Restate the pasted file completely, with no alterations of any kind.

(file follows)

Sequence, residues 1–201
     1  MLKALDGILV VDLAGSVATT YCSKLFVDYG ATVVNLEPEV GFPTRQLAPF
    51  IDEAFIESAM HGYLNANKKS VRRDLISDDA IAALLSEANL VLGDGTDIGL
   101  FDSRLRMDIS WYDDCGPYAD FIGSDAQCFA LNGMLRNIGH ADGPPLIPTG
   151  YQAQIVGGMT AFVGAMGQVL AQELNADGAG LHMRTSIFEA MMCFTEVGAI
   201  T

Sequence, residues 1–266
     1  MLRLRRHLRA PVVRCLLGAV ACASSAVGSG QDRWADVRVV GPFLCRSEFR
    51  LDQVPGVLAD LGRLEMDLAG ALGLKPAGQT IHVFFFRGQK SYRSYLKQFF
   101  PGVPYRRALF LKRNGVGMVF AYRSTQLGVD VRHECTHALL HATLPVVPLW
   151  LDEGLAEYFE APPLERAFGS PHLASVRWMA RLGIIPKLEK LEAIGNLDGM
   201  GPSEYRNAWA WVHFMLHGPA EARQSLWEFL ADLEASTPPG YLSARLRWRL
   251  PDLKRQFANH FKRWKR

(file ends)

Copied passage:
Sequence, residues 1–201
     1  MLKALDGILV VDLAGSVATT YCSKLFVDYG ATVVNLEPEV GFPTRQLAPF
    51  IDEAFIESAM HGYLNANKKS VRRDLISDDA IAALLSEANL VLGDGTDIGL
   101  FDSRLRMDIS WYDDCGPYAD FIGSDAQCFA LNGMLRNIGH ADGPPLIPTG
   151  YQAQIVGGMT AFVGAMGQVL AQELNADGAG LHMRTSIFEA MMCFTEVGAI
   201  T

Sequence, residues 1–266
     1  MLRLRRHLRA PVVRCLLGAV ACASSAVGSG QDRWADVRVV GPFLCRSEFR
    51  LDQVPGVLAD LGRLEMDLAG ALGLKPAGQT IHVFFFRGQK SYRSYLKQFF
   101  PGVPYRRALF LKRNGVGMVF AYRSTQLGVD VRHECTHALL HATLPVVPLW
   151  LDEGLAEYFE APPLERAFGS PHLASVRWMA RLGIIPKLEK LEAIGNLDGM
   201  GPSEYRNAWA WVHFMLHGPA EARQSLWEFL ADLEASTPPG YLSARLRWRL
   251  PDLKRQFANH FKRWKR